is these are students that are both not finishing school uc or ucs eligible and not graduating san francisco unified school district with a diploma if this pattern persists. so, just to call it out, for our 2014 class, african-american students, those are 246 kids today not on track. these are students that are not performing with a d or better in their required courses and only 76 that are on track if you look at the minimal requirements. if you see the 2015 class, you see that number there. now, of course, as they become juniors and seniors, you'll notice that the sequence gets even a little more stringent. so, the big question is what are some of the strategic actions and interventionses for closing this achievement gap, which is persisted for generations? >> commissioner. >> excuse me, deputy lieutenant. i have a question or clarification on the last slide. does that include students that are just in our regular schools or does that include our county schools? >> good afternoon, bill sanders, director division of curriculum instruction. it includes all students in that grade. >> okay, thank you.
expectation for the san francisco police department and also the unified school district, and that being that in the design, the practice and the implementation of this memorandum we really want to make sure that the students are not treated as subjects, but instead as active stakeholders in this process. we feel like students' input should be involved in the design, but also take into consideration things like students' involvement in the selection of [speaker not understood], also evaluation of [speaker not understood], that is really important. and as well as what was said earlier, to the extent you have student input, what that does is it affirms and values that students have a voice na process and their opinions are valued as equal to the people who are behind designing these policies. we hope you can send that message to the students and you can support the involvement and their investment and that you actively work to seek their legitimate input in the designing of this program. thank you. >> thank you, commissioner. thank you for your service. next speaker. >>> if i may please ha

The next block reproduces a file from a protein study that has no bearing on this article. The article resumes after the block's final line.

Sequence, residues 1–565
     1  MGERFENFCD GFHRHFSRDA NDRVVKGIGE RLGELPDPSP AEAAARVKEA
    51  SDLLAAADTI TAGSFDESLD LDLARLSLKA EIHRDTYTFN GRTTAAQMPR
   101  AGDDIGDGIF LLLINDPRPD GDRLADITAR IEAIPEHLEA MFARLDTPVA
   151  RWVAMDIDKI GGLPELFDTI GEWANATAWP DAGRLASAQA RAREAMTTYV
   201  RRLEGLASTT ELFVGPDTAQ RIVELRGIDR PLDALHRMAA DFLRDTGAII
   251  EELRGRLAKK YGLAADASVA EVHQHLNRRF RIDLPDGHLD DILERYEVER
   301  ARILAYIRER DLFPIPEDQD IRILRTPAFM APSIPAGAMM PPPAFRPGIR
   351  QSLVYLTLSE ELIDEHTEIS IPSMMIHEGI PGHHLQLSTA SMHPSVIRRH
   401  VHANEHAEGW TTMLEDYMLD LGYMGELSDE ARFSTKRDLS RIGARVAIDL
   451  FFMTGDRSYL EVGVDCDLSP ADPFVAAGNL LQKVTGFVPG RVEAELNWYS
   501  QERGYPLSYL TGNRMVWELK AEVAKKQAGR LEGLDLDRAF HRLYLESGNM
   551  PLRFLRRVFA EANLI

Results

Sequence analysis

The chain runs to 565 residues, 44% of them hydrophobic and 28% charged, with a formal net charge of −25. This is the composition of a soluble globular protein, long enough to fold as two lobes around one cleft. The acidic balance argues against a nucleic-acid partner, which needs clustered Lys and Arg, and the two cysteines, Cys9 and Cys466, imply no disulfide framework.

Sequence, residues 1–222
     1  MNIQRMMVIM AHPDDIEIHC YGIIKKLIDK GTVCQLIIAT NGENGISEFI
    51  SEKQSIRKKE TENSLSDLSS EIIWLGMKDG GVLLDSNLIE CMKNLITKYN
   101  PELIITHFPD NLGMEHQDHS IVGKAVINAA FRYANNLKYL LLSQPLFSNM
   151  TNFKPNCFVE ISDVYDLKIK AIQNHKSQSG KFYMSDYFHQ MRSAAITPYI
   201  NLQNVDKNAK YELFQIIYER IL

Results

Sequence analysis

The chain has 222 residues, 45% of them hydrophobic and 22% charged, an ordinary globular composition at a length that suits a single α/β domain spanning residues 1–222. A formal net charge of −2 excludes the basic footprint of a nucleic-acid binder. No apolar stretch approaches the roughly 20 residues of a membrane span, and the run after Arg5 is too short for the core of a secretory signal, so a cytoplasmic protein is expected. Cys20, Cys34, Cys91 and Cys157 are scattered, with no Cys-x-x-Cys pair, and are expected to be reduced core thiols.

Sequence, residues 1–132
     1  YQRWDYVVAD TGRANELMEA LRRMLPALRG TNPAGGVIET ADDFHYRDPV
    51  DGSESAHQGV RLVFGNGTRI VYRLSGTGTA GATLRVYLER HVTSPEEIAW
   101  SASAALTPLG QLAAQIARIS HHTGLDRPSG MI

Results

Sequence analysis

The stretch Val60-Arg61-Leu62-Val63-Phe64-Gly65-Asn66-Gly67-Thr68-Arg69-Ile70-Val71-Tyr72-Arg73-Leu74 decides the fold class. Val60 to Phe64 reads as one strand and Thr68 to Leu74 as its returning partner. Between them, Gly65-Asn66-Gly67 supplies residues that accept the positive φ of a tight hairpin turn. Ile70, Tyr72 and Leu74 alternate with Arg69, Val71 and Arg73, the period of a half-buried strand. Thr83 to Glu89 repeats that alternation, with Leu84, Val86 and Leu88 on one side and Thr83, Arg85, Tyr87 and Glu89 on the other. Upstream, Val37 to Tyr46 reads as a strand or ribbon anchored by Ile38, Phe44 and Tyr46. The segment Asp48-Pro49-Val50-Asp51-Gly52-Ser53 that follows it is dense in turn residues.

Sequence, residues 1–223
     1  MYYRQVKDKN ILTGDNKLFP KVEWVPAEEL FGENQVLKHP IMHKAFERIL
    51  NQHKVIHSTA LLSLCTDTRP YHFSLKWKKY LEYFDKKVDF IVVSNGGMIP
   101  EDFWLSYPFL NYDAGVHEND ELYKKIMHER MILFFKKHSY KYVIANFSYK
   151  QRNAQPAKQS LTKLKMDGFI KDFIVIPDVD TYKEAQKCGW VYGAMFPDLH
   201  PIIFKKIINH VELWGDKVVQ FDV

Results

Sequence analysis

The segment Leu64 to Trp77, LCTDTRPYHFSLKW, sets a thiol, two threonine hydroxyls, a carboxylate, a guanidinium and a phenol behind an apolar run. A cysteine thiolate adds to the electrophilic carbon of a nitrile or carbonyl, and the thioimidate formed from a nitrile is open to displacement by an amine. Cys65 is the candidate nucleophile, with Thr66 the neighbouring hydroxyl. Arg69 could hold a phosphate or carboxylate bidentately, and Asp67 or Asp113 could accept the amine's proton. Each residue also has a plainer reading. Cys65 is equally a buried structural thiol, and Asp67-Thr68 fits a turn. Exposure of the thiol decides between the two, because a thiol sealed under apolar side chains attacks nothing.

, there is a [speaker not understood]. >> you heard both presentations, one from the san francisco unified school district and the other one from dcyf. could you give me your gut reaction or some -- if you can -- or you can give me some kind of -- some thoughts that you were thinking as you were listening to some of the data you presented today. >> yes, mr. chair, and supervisor cohen. there is actually data the school district provided is promising the children for tomorrow, right. we're dealing with a crisis of high school students today and the issue is they did not present any recommendations on how to resolve the issues that are facing us today. and, so, when we get to figuring out how we can get the school district to not just also prepare students at kindergarten and the rest of the elementary grades, but also focusing on the students that were not given adequate education that they deserved yesterday, then i can talk about that. >> so, you probably know what the numbers were looking like 10 years ago as i was. thank you, mr. chair. that's all i have. >> colleagues, i'd like to turn it ove
Search Results 0 to 5 of about 6